## II. Non-linear Functions and Working Backwards

Though the interplay of geometry and algebra leads to some interesting insights while exploring linear systems, the real power of this method comes in the non-linear realm. Suppose you would like to solve the equation 8x2 +.5 = 2cosx. Sketching the graphs of f(x) = 8x2 +.5 and g(x) = 2cosx, we see that there are two solutions, and the curve y = 2cosx has the slope closer to 0 in each case (Figure 5).

Figure 5

Using the method outlined above, evidently we need the inverse of h(x) = 8x2 +.5. For x 0 in the original function, the inverse is given by h-1(x) = ((x - .5)/8).5, and for x < 0 in the original function, the inverse is given by h-1(x) = -((x - .5)/8).5. The composite functions thus become:

for solution 0, iterate h-1(y) = ((2cosx - .5)/8).5

for solution 0, iterate h-1(y) = -((2cosx - .5)/8).5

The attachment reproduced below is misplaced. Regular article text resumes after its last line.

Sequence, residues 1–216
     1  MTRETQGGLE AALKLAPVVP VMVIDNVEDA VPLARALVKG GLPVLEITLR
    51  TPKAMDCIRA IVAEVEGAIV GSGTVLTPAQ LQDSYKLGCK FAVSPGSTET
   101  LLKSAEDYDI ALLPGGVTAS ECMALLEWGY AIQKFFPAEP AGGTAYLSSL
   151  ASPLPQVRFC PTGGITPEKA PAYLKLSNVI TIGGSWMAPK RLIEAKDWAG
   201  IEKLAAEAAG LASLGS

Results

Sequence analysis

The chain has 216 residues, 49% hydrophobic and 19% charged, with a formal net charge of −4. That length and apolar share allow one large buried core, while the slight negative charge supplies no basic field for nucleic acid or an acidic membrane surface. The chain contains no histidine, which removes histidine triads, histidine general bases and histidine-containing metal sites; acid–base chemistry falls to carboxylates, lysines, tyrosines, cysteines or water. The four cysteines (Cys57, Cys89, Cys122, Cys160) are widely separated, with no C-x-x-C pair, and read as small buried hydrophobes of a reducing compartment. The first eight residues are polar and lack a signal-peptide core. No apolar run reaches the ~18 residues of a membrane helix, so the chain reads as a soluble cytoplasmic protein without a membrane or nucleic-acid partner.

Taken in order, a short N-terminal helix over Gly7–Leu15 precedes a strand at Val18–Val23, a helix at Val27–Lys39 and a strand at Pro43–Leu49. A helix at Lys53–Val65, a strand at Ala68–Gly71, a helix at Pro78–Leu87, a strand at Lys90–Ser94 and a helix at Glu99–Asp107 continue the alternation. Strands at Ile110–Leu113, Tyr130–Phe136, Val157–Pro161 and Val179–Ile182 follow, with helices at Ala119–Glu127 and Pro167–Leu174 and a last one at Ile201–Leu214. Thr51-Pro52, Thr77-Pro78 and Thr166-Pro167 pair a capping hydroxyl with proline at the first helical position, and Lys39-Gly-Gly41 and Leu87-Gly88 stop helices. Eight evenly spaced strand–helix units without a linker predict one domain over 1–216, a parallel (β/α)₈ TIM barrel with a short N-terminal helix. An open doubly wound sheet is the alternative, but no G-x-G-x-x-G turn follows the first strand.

Iterating each of these with a seed of 1 yields the two solutions, .40856... and -.40856....

Note that we could have solved the original equation for x on the left side, in terms of cosx on the right side, and arrived at the same equations given above, to be iterated as in Picard's method, just as for the linear case.

8x2 +.5 = 2cosx

x2 = (2cosx -.5)/8,

x = +/- ((2cosx -.5)/8).5

Note also that for a poor choice of seed, our iteration would have come to a screeching halt. Try a seed value of 2, for example. The web diagram (Figure 5) shows the problem.